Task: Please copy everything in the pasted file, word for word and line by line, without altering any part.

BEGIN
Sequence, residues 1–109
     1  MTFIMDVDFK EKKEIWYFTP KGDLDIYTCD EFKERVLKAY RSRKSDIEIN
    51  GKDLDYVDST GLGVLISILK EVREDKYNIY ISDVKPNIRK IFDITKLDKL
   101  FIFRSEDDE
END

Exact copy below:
Sequence, residues 1–109
     1  MTFIMDVDFK EKKEIWYFTP KGDLDIYTCD EFKERVLKAY RSRKSDIEIN
    51  GKDLDYVDST GLGVLISILK EVREDKYNIY ISDVKPNIRK IFDITKLDKL
   101  FIFRSEDDE